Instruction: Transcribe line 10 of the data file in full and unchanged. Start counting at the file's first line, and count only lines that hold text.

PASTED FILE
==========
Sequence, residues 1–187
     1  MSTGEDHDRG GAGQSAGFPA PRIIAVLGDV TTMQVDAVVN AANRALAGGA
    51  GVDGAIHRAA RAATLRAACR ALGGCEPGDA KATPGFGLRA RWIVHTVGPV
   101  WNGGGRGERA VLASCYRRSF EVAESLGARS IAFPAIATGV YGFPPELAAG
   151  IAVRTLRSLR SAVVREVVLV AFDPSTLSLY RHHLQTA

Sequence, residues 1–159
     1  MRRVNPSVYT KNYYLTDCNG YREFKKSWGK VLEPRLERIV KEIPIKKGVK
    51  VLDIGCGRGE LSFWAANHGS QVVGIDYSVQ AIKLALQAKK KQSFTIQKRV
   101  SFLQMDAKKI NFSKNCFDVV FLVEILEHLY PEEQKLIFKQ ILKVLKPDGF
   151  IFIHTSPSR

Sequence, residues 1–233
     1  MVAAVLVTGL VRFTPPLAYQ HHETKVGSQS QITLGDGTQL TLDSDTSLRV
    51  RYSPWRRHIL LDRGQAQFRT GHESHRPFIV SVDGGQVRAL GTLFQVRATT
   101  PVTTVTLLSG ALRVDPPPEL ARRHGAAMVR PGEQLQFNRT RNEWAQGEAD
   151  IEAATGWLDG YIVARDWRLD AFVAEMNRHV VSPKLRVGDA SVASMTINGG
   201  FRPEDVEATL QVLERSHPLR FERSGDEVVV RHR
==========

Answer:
   151  IFIHTSPSR